2) What is a "finial" that several of you mention?

 

3) For purposes of logging my benchmark finds on geocaching.com, is it appropriate to log finds all 4 of the benchmarks representing the lighthouse itself if one visits the lighthouse?

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Bill -

 

You may be right, but it has always been my understanding that intersection points like the finial were not "occupied" but instead measured from a dustance. If it having a boxscore makes a difference to this understanding - then I may be learning something new (which happens all the time on this!)

Ok I'm still learning and now it shows. What is a box score? What is its significance? And how do I recognize that a mark has one of these on datasheet?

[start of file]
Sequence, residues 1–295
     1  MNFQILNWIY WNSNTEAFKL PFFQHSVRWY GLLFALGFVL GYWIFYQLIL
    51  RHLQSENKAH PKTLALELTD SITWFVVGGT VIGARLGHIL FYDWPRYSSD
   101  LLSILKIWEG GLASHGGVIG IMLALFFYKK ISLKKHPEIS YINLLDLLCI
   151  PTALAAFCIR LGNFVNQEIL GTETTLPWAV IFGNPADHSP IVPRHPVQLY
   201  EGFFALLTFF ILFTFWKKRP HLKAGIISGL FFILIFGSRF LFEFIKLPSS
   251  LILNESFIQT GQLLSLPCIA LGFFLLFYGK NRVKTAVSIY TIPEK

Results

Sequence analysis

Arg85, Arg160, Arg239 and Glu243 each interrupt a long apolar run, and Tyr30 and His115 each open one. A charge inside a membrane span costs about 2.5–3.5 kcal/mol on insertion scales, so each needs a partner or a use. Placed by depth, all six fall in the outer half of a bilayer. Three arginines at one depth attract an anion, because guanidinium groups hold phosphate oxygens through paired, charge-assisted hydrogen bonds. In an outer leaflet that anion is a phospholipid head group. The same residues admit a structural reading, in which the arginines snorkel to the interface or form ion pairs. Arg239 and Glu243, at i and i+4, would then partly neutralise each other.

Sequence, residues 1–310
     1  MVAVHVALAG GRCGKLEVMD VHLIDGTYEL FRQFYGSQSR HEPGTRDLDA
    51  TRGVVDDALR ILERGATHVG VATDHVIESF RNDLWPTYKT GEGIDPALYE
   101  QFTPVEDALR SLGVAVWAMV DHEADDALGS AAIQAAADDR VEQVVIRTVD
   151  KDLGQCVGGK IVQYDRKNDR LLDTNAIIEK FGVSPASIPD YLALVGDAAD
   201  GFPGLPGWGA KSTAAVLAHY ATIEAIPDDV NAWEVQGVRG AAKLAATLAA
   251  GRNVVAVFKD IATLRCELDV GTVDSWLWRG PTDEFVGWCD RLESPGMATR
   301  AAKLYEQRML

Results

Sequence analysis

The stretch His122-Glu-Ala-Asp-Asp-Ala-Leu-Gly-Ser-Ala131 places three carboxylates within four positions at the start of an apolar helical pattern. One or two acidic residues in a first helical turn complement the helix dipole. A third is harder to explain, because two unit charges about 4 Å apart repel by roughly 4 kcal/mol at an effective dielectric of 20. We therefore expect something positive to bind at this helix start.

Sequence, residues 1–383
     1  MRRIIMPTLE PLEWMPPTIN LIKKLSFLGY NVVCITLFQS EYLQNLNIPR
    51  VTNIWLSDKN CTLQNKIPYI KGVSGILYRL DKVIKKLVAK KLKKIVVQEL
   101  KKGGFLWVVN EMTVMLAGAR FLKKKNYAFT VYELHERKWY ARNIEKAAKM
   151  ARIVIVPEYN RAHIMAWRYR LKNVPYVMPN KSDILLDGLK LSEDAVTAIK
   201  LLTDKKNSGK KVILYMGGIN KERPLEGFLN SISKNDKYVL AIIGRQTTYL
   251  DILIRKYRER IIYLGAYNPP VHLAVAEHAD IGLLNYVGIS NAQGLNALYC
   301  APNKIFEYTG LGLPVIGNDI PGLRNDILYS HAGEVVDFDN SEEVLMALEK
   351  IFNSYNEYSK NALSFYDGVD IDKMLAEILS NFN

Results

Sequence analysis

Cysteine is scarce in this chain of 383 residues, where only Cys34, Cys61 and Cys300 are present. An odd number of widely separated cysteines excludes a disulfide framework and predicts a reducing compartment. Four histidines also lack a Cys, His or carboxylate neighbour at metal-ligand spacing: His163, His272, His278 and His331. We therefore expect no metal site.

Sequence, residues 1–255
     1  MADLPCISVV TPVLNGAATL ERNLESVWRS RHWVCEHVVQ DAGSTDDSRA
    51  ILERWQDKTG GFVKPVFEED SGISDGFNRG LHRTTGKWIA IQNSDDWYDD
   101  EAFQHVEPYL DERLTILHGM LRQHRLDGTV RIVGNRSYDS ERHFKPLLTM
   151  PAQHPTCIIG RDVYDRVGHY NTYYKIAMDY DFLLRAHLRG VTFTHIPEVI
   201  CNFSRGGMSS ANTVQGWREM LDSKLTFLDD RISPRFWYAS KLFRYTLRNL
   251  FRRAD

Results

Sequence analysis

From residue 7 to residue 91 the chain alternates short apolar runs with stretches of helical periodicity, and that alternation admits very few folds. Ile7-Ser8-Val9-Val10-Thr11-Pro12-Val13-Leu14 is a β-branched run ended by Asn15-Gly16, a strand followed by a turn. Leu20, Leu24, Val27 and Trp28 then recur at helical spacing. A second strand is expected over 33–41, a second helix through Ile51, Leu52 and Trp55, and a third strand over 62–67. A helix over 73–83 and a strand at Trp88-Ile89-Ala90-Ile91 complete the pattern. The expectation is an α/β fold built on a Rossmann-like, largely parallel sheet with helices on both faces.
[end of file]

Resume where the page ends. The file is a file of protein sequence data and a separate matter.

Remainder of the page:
The final is the element(sometimes decorative) on the very top of an object. It isgenerally easy spot from all directions and angles hence the reason it is most commonly the point that is used to site on from a distance.

 

You can log all of them but if they ever changed the finial then in an ngs log it should be marked as destroyed or not found. In the case of the description that is talking about the holes in the platform you would need to find the exact holes that match the description to log that point because the holes are the true mark in that case.

Edited by CityHuntersBJB

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If it were me, I would log AD6445 and leave the rest alone. While it is fun to log these intersection marks (especially when no one else ever has) the NGS isn't interested in them anymore. Just an FYI.

 

If you found the disk too, I would also log AD2999.